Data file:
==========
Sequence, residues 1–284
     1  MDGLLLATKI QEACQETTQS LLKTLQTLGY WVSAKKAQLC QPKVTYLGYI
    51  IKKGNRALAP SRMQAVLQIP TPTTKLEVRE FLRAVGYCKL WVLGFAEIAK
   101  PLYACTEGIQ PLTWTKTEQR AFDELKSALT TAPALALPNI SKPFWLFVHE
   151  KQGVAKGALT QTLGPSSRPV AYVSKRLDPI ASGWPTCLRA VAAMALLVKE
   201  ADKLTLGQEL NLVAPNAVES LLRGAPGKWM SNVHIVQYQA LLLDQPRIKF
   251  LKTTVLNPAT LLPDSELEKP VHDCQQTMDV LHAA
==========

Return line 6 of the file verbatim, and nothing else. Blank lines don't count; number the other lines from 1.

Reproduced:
   201  ADKLTLGQEL NLVAPNAVES LLRGAPGKWM SNVHIVQYQA LLLDQPRIKF